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Assessment of net ecosystem services of plastic greenhouse vegetable cultivation in China

Listed author(s):
  • Chang, Jie
  • Wu, Xu
  • Liu, Anqin
  • Wang, Yan
  • Xu, Bin
  • Yang, Wu
  • Meyerson, Laura A.
  • Gu, Baojing
  • Peng, Changhui
  • Ge, Ying
Registered author(s):

    Plastic greenhouse vegetable cultivation is rapidly expanding in China and elsewhere worldwide. In order to comprehensively understand the impacts of plastic greenhouse vegetable cultivation on agricultural ecosystem services and dis-services, we developed an assessment framework for the net ecosystem services and used China as a case study. Our results showed that, compared to conventional vegetable cultivation, plastic greenhouse vegetable cultivation has higher fresh vegetable production, greater CO2 fixation (3.61 t CO2 ha- 1 yr- 1), better soil retention (23.1 t ha- 1 yr- 1), and requires less irrigation (2132 m3 water ha- 1 yr- 1), maintains similar soil fertility, but also has higher NO3- accumulation and N2O emissions. In 2004, plastic greenhouse vegetable cultivation in China provided an overall net economic benefit of 67,956 yuan ha-1 yr- 1 (8.28 yuan = 1 USD in 2004), where 68,240 yuan ha- 1 yr- 1 represented ecosystem services and 284 yuan ha- 1 yr- 1 for dis-services. The transition from conventional vegetable cultivation to plastic greenhouse vegetable cultivation resulted in a net economic benefit of 24,248 yuan ha- 1 yr- 1. A cost-benefit analysis suggests that plastic greenhouse vegetable cultivation in China has the potential to optimize social benefits in addition to increasing annual economic income to farmers directly.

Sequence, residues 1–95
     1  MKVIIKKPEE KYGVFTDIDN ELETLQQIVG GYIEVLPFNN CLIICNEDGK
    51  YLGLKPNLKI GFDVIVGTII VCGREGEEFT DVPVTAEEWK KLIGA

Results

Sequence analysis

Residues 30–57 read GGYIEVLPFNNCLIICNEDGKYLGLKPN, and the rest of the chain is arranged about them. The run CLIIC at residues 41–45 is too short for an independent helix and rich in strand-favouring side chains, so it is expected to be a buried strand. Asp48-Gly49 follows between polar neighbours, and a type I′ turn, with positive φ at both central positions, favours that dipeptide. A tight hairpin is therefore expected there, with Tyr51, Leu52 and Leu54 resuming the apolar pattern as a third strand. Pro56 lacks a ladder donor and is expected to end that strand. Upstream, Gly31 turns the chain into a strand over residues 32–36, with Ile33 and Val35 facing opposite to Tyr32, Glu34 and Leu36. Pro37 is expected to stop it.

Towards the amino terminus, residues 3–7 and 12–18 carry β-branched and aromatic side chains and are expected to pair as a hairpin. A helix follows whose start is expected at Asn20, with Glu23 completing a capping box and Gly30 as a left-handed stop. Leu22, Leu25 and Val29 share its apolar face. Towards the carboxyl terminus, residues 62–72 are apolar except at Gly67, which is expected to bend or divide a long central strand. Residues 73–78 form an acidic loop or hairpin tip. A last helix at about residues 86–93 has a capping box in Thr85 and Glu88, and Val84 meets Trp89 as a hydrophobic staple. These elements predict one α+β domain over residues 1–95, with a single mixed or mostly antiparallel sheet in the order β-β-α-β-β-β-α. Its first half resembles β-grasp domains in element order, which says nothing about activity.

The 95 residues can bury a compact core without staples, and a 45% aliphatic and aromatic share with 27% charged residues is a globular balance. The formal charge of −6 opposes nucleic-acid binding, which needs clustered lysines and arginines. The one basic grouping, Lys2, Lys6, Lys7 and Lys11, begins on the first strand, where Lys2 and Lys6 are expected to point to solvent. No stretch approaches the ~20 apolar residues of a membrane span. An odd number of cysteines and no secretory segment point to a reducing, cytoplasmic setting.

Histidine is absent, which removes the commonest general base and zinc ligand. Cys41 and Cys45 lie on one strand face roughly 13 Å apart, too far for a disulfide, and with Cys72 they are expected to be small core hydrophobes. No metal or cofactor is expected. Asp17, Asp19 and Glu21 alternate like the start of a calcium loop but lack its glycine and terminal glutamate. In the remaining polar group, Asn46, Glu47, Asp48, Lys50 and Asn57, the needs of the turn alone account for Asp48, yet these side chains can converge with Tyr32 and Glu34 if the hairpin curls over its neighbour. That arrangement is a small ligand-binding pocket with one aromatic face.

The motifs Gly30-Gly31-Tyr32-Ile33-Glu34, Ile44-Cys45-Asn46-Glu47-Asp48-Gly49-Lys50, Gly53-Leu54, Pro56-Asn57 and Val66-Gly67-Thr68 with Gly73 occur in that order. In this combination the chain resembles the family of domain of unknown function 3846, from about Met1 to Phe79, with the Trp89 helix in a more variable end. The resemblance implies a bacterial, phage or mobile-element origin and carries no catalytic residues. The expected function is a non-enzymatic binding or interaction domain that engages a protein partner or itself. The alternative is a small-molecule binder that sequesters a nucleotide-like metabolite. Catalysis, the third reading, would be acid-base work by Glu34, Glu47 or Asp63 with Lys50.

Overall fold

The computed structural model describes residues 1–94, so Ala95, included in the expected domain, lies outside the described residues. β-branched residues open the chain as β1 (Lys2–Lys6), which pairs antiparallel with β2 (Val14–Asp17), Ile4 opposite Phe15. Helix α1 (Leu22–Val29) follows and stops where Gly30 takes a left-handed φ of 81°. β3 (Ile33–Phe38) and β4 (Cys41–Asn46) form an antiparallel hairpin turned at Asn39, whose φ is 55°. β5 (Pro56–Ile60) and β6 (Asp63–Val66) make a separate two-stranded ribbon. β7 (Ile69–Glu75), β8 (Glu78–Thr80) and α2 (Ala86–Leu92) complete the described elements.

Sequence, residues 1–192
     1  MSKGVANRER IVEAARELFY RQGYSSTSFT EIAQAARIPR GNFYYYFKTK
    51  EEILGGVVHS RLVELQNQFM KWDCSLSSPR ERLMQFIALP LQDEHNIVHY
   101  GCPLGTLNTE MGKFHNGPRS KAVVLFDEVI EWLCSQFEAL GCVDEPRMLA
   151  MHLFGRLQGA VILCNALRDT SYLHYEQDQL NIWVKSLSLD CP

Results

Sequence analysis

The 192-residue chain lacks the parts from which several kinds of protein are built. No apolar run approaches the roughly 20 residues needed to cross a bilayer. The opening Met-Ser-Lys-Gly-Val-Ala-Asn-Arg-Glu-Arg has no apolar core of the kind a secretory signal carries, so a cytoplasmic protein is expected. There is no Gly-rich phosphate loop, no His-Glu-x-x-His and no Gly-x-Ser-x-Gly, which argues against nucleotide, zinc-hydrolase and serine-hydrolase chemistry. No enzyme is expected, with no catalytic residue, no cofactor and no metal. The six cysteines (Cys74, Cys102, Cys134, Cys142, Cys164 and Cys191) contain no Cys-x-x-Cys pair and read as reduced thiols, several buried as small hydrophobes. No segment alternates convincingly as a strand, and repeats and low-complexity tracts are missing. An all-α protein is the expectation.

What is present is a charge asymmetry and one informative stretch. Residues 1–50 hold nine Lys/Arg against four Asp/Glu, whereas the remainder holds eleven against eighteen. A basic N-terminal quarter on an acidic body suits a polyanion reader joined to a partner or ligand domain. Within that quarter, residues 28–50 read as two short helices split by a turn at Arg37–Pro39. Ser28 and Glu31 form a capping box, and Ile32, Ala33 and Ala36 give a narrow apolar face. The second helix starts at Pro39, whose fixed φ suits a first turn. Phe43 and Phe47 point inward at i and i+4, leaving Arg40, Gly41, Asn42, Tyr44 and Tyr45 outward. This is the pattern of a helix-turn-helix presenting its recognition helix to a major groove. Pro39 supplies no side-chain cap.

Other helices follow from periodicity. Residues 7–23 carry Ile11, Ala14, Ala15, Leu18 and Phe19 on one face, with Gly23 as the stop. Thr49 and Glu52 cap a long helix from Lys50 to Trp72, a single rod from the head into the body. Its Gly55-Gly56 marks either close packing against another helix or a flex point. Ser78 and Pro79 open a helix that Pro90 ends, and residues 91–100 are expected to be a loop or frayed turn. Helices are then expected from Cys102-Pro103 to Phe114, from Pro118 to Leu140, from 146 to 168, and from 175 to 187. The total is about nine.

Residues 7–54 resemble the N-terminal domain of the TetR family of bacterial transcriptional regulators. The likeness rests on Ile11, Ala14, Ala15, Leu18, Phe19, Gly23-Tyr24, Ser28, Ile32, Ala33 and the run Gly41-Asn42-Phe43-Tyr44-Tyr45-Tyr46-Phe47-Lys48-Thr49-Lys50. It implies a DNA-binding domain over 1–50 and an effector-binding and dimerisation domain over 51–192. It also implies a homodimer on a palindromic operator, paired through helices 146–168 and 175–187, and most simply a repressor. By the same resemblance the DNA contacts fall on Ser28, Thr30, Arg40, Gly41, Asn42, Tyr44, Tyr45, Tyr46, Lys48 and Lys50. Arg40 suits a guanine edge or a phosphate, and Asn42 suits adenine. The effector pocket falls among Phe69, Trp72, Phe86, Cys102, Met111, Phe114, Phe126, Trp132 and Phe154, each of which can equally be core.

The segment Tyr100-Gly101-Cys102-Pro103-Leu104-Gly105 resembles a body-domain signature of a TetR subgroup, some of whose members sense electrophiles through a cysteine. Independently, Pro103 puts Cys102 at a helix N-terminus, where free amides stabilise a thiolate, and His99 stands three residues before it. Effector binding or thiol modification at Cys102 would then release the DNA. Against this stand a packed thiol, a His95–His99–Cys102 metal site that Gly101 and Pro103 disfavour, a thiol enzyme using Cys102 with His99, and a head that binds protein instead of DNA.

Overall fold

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    Article provided by Elsevier in its journal Ecological Economics.

    Volume (Year): 70 (2011)
    Issue (Month): 4 (February)
    Pages: 740-748

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    Handle: RePEc:eee:ecolec:v:70:y:2011:i:4:p:740-748
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    7. Sandhu, Harpinder S. & Wratten, Stephen D. & Cullen, Ross & Case, Brad, 2008. "The future of farming: The value of ecosystem services in conventional and organic arable land. An experimental approach," Ecological Economics, Elsevier, vol. 64(4), pages 835-848, February.
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